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Written by: Bob Habasevich, PT on Thursday, September 20, 2012 Posted in: Inpatient Rehab

The nation has embarked upon an unprecedented effort to transform the flow of information in healthcare in order to improve the quality and efficiency of care. The American Recovery and Reinvestment Act of 2009 (ARRA), or “Recovery Act,” contains the Health Information Technology for Economic and Clinical Health Act, or the “HITECH Act,” which establishes programs to accelerate the adoption and use of electronic health records and other types of health IT.

Healthcare providers already know that electronic health records (EHRs) can help them provide higher quality and safer care for their patients. Some healthcare providers now use EHRs to reduce paperwork and increase efficiencies. Other benefits such as improving care coordination will come with expanded health information exchange.  These benefits improve workflow and reduce operating costs, which over time help recover the costs of investing in these systems.  The government’s incentive program to subsidize transition to EHRs requires the demonstration of Meaningful Use to improve the quality of care and lower its cost is not available to all providers.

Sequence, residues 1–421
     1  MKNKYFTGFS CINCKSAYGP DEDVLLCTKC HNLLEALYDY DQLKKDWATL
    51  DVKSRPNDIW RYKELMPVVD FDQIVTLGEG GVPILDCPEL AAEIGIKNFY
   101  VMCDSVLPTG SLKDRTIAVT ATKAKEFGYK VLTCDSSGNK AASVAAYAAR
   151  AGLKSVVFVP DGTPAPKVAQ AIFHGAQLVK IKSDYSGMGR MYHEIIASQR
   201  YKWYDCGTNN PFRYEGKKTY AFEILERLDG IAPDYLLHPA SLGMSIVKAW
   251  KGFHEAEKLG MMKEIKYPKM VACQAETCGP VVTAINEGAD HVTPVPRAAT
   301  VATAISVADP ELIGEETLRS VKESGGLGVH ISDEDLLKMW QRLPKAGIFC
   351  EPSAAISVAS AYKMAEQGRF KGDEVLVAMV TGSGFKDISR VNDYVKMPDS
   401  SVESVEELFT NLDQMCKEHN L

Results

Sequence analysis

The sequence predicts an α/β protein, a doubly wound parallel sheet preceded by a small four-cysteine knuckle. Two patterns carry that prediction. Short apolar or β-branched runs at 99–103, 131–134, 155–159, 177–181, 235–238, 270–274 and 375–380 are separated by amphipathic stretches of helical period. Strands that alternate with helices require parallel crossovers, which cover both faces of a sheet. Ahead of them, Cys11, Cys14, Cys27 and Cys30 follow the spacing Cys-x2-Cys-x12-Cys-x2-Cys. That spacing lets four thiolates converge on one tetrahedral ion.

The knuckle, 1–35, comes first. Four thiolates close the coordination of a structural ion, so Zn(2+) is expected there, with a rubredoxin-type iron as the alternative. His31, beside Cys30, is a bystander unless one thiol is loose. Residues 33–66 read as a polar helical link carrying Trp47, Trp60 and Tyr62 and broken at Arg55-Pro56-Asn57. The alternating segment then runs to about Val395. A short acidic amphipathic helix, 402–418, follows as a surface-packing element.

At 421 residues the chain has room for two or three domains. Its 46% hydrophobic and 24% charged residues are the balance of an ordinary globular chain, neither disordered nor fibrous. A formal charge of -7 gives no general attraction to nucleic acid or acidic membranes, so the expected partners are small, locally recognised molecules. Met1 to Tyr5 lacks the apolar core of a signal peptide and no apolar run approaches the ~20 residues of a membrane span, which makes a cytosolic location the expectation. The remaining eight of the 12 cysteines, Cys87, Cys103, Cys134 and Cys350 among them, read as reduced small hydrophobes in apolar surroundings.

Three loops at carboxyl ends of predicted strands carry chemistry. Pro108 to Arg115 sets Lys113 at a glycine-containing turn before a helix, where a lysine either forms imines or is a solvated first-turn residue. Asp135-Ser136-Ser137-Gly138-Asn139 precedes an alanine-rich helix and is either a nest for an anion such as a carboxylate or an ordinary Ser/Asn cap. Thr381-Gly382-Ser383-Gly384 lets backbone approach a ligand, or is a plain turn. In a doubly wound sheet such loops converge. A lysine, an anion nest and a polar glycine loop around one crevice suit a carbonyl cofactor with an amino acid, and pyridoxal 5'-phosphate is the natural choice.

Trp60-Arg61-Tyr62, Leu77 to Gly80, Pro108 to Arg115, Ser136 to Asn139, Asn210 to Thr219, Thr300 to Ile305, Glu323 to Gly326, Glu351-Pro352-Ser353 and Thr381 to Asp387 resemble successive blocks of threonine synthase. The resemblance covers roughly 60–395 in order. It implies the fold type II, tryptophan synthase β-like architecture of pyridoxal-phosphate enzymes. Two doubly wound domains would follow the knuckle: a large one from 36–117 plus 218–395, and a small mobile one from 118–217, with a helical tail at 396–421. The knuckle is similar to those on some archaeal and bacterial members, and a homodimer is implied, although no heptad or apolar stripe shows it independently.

Consequently,  providers may choose to delay investing in the electronic pursuit of quality improvements. Waiting or staying the same in an environment of rapid advances in quality and information management systems is witness to the comparative decline in quality of their services. Remaining the same until the consequences of poor quality create adverse situations is a strategy of indifferent stagnation and requires a high degree of management attention to maintain.

Change in the form of continuous improvement is prerequisite for value-based purchasing of the healthcare bundled services. Investing in the information and technology tools to build with becomes more costly the further behind the provider is when starting the quality pursuit.  Over investing in IT is a risk but recovery is possible, under investing or investing too late will certainly limit the potential of any recovery. Quality should be viewed through a lens of an investment; which, if made wisely, will produce benefit value that outpaces the investment cost.